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Dec 22, 2012 09:25 |  #9

An f/16 lens setting for 4/3 format has the same amount of diffraction as an f/16 lens setting for 8x10" film format. The difference in the ability for the large format lens to be used at smaller apertures without VISIBLE amount of distortion is simply caused by the fact that the tiny 4/3 format has to be magnified so much more (15.6x) to make its 13mm tall frame fill an 8x10" print compared to the 8x10 large format (1x), so diffraction is made 15.6x more visible due to that magnification.


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Maverique
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Dec 22, 2012 10:29 |  #10

EL_PIC wrote in post #15396318 (external link)
You need help not halp.
Stop reading and take pictures.
If you take a series of sunset pictures at every f stop from wide open
to closed you will see some effect at great mag but prob not throw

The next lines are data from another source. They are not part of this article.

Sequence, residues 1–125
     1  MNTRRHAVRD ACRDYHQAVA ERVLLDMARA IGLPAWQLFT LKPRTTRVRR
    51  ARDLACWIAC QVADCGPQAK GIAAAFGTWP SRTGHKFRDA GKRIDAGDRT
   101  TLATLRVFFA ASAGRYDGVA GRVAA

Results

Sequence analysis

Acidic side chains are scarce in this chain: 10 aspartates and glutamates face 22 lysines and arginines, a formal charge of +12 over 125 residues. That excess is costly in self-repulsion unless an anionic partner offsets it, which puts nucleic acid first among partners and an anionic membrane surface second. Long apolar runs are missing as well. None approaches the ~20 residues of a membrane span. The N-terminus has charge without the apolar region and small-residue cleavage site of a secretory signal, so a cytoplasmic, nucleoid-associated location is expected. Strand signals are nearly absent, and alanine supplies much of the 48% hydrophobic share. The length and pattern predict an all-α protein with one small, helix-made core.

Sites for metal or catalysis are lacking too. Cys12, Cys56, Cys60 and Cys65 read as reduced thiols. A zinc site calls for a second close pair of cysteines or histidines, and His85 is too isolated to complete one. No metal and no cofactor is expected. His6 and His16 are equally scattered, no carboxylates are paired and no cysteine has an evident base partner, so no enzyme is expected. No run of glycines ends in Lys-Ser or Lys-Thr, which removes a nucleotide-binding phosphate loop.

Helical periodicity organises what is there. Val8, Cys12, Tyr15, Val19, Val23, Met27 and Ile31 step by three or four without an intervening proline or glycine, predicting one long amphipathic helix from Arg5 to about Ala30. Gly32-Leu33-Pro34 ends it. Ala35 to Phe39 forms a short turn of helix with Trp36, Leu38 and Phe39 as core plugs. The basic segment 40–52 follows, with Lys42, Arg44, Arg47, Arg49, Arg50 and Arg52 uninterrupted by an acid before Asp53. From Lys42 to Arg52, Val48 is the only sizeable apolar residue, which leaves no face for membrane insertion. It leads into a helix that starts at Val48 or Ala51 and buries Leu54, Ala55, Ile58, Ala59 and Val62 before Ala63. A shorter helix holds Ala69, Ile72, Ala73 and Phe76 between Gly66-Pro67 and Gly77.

out any images due to diffraction.
You may prefer some at certain f stop due to sun star bust rays.

Meh I was just curious. I don't use those apertures, ever, but do like to understand these things. Again, simple curiosity ;)


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Dec 22, 2012 15:46 |  #11

hollis_f wrote in post #15395938 (external link)
The amount of diffraction is the same at any aperture ...

This doesn't seem right to me, and appears to conflict with the other responses and my own, limited, and probably faulty understanding, that is, that diffraction becomes more of an issue at smaller apertures.

Is it that the diffraction is actually the same at all apertures, but just more evident at smaller ones?




  
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hollis_f
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Dec 22, 2012 16:09 |  #12

xarqi wrote in post #15397406 (external link)
This doesn't seem right to me, and appears to conflict with the other responses and my own, limited, and probably faulty understanding, that is, that diffraction becomes more of an issue at smaller apertures.

Sorry, I was not at all clear, was I?